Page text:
The last several weeks I have shared insights from my recent reading in the book, Wisdom From Mount Athos: The Writings of Staretz Silouan 1866–1938. Staretz Silouan was an Orthodox monk who lived on the mountain in Greece that is most often associated with monasticism in the Eastern Church, at least outside of Russia. The term Staretz means “Elder” and is a title given to the Orthodox monks of a particular spiritual development. Silouan was a Russian peasant whose only formal education consisted of two winters at a village school. It was on Mount Athos that he received his education through a tradition that reaches back to the beginnings of Orthodox monasticism. His wisdom, according to many of the Orthodox, is akin to that of the more famous Desert Fathers.
This compilation includes material on subjects such as the knowledge of God, the soul’s yearning for God, the likeness of the Lord in his children, prayer, humility, peace and grace, spiritual warfare and thoughts on departing this life. I have quoted from his writings on love because of my deep need to learn more of the love of God and to learn how to live this love in relationship with God and then others.
Staretz Silouan writes of various degrees of love for God. He defines these degrees in the following way:
- A person fears to distress God by sinning in any way. This is the first degree of love.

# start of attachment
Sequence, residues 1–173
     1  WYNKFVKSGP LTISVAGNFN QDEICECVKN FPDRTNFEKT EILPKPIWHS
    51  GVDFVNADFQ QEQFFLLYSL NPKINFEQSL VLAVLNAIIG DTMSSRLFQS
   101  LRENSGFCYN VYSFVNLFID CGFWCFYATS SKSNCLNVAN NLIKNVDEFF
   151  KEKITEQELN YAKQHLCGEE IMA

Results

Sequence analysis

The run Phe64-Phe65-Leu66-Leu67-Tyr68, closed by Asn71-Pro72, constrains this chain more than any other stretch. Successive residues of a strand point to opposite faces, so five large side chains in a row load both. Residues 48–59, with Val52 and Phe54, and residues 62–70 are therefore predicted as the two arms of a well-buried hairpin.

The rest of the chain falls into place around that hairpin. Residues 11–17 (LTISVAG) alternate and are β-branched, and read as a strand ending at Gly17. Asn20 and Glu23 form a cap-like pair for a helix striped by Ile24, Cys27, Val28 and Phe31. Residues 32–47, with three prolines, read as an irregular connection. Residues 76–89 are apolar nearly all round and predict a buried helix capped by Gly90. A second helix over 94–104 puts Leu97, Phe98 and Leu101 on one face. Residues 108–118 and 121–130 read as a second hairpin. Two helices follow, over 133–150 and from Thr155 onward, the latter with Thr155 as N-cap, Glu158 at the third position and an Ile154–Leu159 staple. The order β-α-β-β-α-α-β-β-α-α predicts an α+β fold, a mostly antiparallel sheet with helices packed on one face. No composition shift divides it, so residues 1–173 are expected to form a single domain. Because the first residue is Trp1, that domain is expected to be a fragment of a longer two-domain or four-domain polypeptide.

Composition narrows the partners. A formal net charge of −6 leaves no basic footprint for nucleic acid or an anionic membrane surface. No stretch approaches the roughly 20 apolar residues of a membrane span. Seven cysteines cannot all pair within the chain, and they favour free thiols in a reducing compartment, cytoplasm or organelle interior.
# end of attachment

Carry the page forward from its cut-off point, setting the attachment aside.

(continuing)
- The person whose mind is undistracted has love in the second degree.
- A third, and still greater love, is when a person is aware of grace in the soul.
- Finally, the person who has the grace of the Holy Spirit both in soul and body is in a state of perfect love.
Silouan writes: “There is no man on earth so gentle and lowly in spirit as our Lord Jesus Christ. In Him is our joy, in Him our gladness. Let us give Him our love, and He will lead us into His kingdom, where we shall behold His glory.”
Then he writes:
“There forty years, ever since the Lord through the Holy Spirit gave me to know the love of God, have I grieved over God’s people. O brethren, there is naught better than the love of God when the Lord fires the soul with love for God and our fellow-man. The man who knows the delight of the love of God—when the soul, warmed by grace, loves both God and her brother—knows in part that ‘the kingdom of God is within us.’”
“Blessed is the soul that loves her brother, for our brother is our life. Blessed is the soul that loves her brother. The Spirit of the Lord lives manifest within her, giving peace and gladness, and she weeps for the whole world.”
He writes of the Christian loving the Creator who has “not remembered” all his sins but then speaks of his own soul being “surrendered to profound and sorrowful weeping that the Lord might have mercy on every soul and take each one into His heavenly kingdom.”
The Elder concludes: “And my soul weeps for the whole world.”
Is your soul silent? Do you grieve for the people of God? Do you care deeply about the whole world? Staretz Silouan writes of living forty years in the grace of the Holy Spirit who had “taught